by Brian Hioe
Photo Credit: UDN
FURTHER SPLITS seem to be emerging in the KMT as of late, with former president Ma Ying-Jeou coming into conflict with current chairperson Hung Hsiu-Chu and Alex Tsai, director of the KMT’s Central Policy Committee. Notably, during her stint as presidential candidate of the KMT in 2016 elections before being replaced by Eric Chu, Hung was thought of as a member of the “Mainlander” faction within the KMT led by Ma.
But as current chairperson of the party, stepping into a role Ma formerly occupied, it seems that Hung now has sufficient clout to resist Ma. On the other hand, Tsai was appointed by Hung as part of moves to solidify her authority within the party. Given his reputation as a political hardliner and his vitriolic rhetoric against political opponents in the past, Tsai was likely brought on to serve as Hung’s attack dog. Tsai is one of the most hated members of the KMT by Taiwanese youth activism, as one of the targets of the failed Appendectomy Project aimed at recalling KMT legislatures thought to be corrupt.
It is reported that Hung and Ma argued through a dinner in which a number of KMT party heavyweights were present about the meaning of the “1992 Consensus” and that the staff of Ma’s office sent a reprimand to to Alex Tsai, also regarding the 1992 Consensus. This led Tsai to call Ma’s office a “black institution” and state that Ma should stay out of the present affairs of the party.
Ma likely still enjoys a great deal of influence within the party, as a former president of the ROC and a former chairperson of the party, but the KMT currently seems to be in the hands of deep Blue diehards led by Hung. It remains to be seen whether Ma criticizing Hung and Tsai means that he intends to take a more proactive role regarding current factional conflict within the party. Hung is seen as having steered the party in a direction increasingly unpopular with the Taiwanese public.
In particular, Ma has attempted to emphasize that the KMT must emphasize hat the 1992 Consensus means sticking to a stance of “One China, two interpretations,” at a time when Hung threatens to jettison the “two interpretations” aspect of the 1992 Consensus in her upcoming meeting with Xi Jinping and to shift instead towards something she calls “One China, same interpretation”—a policy she touts as superior to the 1992 Consensus, but which suggests that Hung has no objection to the immediate unification of Taiwan with China.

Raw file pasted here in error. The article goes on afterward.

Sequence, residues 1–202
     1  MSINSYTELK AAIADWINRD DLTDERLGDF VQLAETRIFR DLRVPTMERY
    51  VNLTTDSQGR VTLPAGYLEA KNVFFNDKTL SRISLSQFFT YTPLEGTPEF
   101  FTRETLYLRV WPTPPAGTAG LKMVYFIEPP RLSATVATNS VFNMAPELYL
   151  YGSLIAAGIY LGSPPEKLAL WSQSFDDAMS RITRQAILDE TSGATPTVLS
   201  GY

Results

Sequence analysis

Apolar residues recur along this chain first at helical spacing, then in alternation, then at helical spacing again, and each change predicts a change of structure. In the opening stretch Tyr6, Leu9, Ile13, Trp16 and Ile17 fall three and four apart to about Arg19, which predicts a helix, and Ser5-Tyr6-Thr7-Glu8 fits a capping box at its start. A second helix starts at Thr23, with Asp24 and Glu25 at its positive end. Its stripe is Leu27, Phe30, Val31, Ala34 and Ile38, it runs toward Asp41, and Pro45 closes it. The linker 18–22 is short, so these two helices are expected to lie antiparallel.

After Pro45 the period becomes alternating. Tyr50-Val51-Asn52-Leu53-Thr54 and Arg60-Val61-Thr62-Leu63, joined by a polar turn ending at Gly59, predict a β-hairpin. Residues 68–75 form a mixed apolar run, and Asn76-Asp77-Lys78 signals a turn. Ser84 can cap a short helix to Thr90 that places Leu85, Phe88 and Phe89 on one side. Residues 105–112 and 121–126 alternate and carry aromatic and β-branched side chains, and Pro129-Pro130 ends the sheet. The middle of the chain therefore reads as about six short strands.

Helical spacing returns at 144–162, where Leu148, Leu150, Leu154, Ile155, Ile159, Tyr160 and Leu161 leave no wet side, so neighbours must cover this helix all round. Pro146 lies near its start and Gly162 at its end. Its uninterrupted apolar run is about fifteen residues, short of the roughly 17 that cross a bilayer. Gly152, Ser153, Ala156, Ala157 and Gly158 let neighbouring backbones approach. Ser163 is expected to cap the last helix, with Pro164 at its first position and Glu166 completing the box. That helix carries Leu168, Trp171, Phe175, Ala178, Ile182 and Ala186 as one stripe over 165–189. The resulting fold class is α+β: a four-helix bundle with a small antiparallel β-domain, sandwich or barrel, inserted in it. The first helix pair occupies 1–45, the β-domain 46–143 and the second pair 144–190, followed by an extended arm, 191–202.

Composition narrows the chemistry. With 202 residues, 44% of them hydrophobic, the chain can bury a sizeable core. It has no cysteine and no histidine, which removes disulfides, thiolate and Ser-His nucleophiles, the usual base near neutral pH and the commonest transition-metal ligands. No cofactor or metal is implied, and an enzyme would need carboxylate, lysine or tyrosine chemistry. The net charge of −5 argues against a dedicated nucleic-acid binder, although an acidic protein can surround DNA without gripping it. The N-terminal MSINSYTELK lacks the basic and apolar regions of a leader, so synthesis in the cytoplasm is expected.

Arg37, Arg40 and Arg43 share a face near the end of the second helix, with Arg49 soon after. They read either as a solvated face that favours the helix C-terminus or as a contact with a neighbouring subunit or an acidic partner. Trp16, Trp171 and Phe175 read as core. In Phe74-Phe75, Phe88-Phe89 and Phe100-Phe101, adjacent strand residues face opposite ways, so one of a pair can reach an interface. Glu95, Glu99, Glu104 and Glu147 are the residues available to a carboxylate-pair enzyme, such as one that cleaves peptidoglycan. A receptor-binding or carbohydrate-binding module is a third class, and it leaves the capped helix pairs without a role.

Ma is probably concerned about the present unpopularity of the KMT, seeing as the party is seen as having drawn Taiwan too close to China for comfort in the eyes of the Taiwanese public. It is of course ironic that Ma would criticize Hung and Tsai for this, seeing as it was Ma whose policies aimed at bringing Taiwan closer to China which led to the present unpopularity of the KMT. Likewise, it was not the Hung’s leadership of the KMT which caused to the KMT’s current internal political crisis, but the failures of Ma’s leadership.
If Hung jettisons the “two interpretations” aspect of the 1992 Consensus at the upcoming meeting between her and Xi Jinping, it was Ma who paved the path for such meetings to occur by first sending Eric Chu to meet Xi in Beijing in May 2015, and then meeting with Xi himself in Singapore in November 2015. During Ma’s own meeting with Xi, Ma did not mention the “two interpretations” aspect of the 1992 Consensus, leading to perceptions that Ma was attempting to jettison “two interpretations” in favor of only “One China”—the so called “One China Principle”. Now Hung threatens to do this.
But if the actions of the comparatively moderate “Mainlander” establishment under Ma was what prompted current backlash against the KMT from members of the public, the current leadership of the party under Hung deep Blue diehards has only made the KMT more unpopular with the public through its extreme stances. This has only accentuated the political crisis within the KMT. And if Ma is now attempting to take a more proactive role, then is only attempting to clean up the mess he himself created. Too little, too late for the KMT, most likely.